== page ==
In the sixteenth century, John Knox taught that it was men’s duty to enforce against women the curse of Genesis 3:16. But Jesus Christ came to overcome the effects of humankind’s disobedience. Christian believers should not be perpetuating them. Even complementarian scholar Wayne Grudem concurs:

we are never to try to increase or perpetuate the results of the curse. We should never try to promote Genesis 3:16 as something good!’ (emphasis original)26Grudem, Evangelical Feminism and Biblical Truth: an analysis of 118 disputed questions (IVP, 2005), 40.

Mike correctly understands that the work of Christ overcomes the curse. He agrees it is good to alleviate the adverse consequences of the disobedience, whether painful toil in childbirth or fields, or death itself. He understands that we are not called to work against the victory that Christ has achieved but rather to work with him in implementing it.

It was chiefly in this area of implementation that Chrysostom fell short. Of course, he understood in general the significance of the work of Christ in overcoming the curse, but, steeped as he was in a strongly patriarchal culture, he failed to see its full application to the relations between men and women. Had he done so, he might have become an advocate for women’s equality of authority with men, in harmony with his understanding of God’s design for men and women in Genesis 2.27Quite apart from his general support for male rule, the impact of patriarchal culture on Chrysostom’s understanding of Scripture is apparent also in omissions and inconsistencies. His Commentary on Galatians contains a notable example of an omission. In Galatians 3:28, Paul writes that there is neither Jew nor Greek, neither slave nor free, there is no male and female, for all are one in Christ Jesus. Chrysostom has something to say about ‘Greek’, ‘Jew’ and ‘slave’ displaying Christ in their own person, but has nothing to say about ‘female’! We have noted above that in his Homilies on Genesis he is clear as to Woman’s original equality and the institution of Man’s authority over Woman only after the fall. Yet there are some places where, inconsistently, he seems to imagine such authority prior to the fall (as in Homily 17, in his discussion of Adam’s excuse in Genesis 3:12). There is similar inconsistency in his view of women’s ministry. His understanding of early Christian history is that in apostolic times, unlike his own time, women were preachers and teachers of the word. In Homily 73 on Matthew 23:14 he contrasts the women of his own day with New Testament women who, without bringing evil report upon themselves, ‘went about with the apostles, having taken unto themselves manly courage, Priscilla, Persis, and the rest; . . . even travelling into far countries. . . . [T]he business of those women was to spread the word.’ He affirms the ministries of New Testament women, including the great achievements of Junia as an apostle (see his Homily 31 on Romans), while inconsistently he regards the women of his own time as lacking competence for preaching and teaching ministries.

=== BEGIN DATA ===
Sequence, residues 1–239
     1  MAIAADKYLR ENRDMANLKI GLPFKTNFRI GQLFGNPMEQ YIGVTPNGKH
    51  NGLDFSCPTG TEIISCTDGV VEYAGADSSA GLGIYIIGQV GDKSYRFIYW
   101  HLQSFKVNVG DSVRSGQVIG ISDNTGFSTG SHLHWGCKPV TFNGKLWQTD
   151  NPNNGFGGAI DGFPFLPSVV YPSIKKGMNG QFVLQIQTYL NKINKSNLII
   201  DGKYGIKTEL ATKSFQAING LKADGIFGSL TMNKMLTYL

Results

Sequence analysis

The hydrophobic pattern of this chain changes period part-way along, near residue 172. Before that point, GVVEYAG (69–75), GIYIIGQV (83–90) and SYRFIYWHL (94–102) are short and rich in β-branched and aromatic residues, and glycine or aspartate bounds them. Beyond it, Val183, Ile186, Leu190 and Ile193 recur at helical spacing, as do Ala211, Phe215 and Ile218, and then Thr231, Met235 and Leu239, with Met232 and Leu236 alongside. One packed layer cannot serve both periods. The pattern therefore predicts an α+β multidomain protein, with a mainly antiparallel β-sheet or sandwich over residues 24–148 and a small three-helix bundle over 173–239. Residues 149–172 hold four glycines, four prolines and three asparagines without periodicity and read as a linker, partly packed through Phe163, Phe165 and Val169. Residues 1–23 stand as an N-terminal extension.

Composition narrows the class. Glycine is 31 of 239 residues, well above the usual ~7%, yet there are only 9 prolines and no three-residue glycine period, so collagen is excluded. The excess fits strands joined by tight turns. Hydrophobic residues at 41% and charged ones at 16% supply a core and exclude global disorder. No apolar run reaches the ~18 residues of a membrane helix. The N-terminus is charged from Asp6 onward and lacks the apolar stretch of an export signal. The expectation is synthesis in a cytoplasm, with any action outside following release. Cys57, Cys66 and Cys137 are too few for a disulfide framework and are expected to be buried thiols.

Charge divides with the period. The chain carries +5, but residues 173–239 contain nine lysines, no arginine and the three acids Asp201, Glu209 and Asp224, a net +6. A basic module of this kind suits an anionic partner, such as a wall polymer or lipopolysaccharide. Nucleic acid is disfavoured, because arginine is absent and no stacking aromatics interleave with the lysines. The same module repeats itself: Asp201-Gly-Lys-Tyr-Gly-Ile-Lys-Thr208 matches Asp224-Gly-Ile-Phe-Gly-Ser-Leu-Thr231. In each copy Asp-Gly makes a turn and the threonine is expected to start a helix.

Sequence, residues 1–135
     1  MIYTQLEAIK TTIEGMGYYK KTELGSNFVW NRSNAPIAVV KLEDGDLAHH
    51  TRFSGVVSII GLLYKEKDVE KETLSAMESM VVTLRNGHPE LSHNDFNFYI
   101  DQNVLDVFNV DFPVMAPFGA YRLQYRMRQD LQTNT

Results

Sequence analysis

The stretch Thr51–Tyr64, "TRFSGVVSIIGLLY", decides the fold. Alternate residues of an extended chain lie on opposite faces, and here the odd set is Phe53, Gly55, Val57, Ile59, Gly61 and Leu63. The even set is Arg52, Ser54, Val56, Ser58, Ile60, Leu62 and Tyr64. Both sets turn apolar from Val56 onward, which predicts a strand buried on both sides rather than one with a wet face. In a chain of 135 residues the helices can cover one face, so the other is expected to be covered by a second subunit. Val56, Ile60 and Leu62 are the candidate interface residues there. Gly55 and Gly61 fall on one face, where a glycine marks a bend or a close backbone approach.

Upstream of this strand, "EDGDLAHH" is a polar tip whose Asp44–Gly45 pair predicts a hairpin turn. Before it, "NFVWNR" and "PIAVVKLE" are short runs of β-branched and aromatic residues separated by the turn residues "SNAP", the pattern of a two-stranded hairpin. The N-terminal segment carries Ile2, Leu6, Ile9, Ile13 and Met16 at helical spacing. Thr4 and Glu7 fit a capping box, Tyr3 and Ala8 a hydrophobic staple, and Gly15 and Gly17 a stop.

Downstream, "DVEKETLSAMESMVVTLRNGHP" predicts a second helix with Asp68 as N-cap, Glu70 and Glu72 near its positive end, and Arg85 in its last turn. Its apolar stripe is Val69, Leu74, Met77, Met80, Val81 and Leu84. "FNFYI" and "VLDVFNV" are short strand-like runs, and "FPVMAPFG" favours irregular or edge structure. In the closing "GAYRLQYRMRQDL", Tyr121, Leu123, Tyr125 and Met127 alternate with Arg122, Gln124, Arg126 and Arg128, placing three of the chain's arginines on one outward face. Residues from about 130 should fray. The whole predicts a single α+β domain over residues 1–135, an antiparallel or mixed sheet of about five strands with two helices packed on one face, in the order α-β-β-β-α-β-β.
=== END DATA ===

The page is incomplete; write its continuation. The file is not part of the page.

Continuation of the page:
Mike is not bound by the same powerful cultural blinders which hampered John Chrysostom. If he were to follow Chrysostom’s understanding of Genesis 2, might that transform his perception of how God sees women?

Mike thinks that his interpretation of Genesis 2 is consistent with the New Testament, where wives are instructed that it is God’s will for them to submit to husbands. He thinks egalitarians wrongly see women’s submission as part of the curse to be overturned. 

But that misrepresents the biblical egalitarian understanding. It is not submission that is wrong. It is men’s one-way-only rule over women that should not be perpetuated. 

Referring to Ephesians 5, Mike says that the way to deal with the curse is through the self-sacrificial love of the husband and the voluntary submission of the wife (2hr05mins). Amen! This is the way of Christ.